Q: My five-year-old son, who is bipolar, sometimes gets rough in playing with my year-old puppy. My son is the only person the dog has this aggression toward. I try to be sure they are never alone together but the possibility of a dog bite is a big stress for me. I’d like to keep the dog and somehow work with him but I’m concerned that one day the dog will really hurt my son.
A: Protecting both the puppy and your child is obviously the number one concern. A professional dog trainer, one who uses only positive methods, is required to really evaluate the situation and see if it’s possible for the two to get along. If your child’s behavior is not predictable, then this is a very difficult position for your dog. Aggression oftentimes becomes more pronounced when a dog reaches one year of age up until three years of age & so you are right in the window. Secondly, children between the ages of 5 and 9 are the number one demographic for dog bites.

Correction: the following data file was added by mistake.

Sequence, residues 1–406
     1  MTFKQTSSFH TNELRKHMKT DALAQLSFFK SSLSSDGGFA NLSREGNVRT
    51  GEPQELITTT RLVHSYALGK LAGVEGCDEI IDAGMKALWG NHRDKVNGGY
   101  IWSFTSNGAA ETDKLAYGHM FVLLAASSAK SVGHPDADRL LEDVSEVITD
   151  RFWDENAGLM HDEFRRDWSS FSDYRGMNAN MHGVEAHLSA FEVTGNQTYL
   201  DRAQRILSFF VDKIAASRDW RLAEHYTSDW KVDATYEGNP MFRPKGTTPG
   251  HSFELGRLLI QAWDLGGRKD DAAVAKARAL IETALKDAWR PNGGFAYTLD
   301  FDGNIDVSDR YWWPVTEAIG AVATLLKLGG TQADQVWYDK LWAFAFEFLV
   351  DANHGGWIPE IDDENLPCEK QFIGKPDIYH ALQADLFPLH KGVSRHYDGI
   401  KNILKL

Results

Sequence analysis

I certainly commend you for your efforts in what is obviously a stressful situation. Because many dog trainers still teach methods that include physical force, I suggest interviewing a trainer before hiring him or her. You can find a trainer that uses only positive training methods through the Association of Pet Dog Trainers (www.APDT.com) or The National Association of Dog Obedience Instructors (www.NADOI.org). Also, check with friends, neighbors and your veterinarian for possible referrals.
In the meantime, I strongly suggest keeping the two apart for safety.
The Dog Whisperer DVD, Vol. 2 for Puppies and Dogs focuses on solving many problem dog behaviors.